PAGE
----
This week we are profiling a really powerful video conferencing package called Zoom, recommended to us by our good friend Jim O’Connor at Distributed Education. A desktop app not unlike Skype, it’s free to use in conferences of up to 25 people and for 40 minutes, with unlimited one-to-one calls (for unlimited calling, you need to subscribe.) What makes it a little different from Skype, though, is its capabilities for recording audio, screen sharing, and “remote control,” all of which seem to have infinite applications.
If you’ve invited someone to speak to your class remotely, you can not only communicate with HD audio and video, but can also open a mutually-editable whiteboard so your guest, as well as students, can share ideas on the same screen. You can also give control of your computer over to your guest (with your permission) to demonstrate key concepts or walk through difficult software right before the class, and even record and save the conversations for future reference.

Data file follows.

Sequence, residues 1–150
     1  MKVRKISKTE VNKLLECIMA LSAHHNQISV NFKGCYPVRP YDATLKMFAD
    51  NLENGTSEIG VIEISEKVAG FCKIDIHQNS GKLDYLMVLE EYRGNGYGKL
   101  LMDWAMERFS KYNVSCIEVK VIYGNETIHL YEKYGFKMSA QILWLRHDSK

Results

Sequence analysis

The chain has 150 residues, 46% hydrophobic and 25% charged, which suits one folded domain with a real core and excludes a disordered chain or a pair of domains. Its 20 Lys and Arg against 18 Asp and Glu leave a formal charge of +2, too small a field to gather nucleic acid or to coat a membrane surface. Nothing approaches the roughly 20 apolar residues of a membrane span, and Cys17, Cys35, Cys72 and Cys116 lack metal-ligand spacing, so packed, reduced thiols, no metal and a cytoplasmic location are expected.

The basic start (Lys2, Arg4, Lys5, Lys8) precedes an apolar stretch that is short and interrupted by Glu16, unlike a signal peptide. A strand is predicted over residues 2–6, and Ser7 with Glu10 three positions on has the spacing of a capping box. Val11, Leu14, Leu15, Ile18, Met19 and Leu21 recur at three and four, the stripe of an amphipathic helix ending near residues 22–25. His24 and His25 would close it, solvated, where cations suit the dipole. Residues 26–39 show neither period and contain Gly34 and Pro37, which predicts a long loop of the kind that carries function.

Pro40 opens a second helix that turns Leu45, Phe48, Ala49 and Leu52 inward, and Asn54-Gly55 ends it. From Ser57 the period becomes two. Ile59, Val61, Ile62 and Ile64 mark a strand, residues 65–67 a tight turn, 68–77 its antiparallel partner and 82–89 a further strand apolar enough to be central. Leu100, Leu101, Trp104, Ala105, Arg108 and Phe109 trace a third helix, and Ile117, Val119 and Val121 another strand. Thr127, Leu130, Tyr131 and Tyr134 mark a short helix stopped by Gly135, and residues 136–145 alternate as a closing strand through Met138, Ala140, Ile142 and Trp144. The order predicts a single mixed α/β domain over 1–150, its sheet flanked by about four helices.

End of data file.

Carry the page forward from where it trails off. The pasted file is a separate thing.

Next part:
Alternatively, if you’re working on a project outside the class and need to schedule a meeting, Zoom will allow you and your colleagues to share ideas instantly, and with a variety of tools. Notably, installing Zoom is a walk in the park: the process only takes about a minute, so spontaneous meetings are a breeze even when participants are new to Zoom. The interface is intuitive, and new users will have no trouble finding their way through the app (available for both Android and Apple products).
We are very excited by the prospects of this app, and suggest that if you’re interested in using it, you use the email associated with the university to sign up. Happy zooming!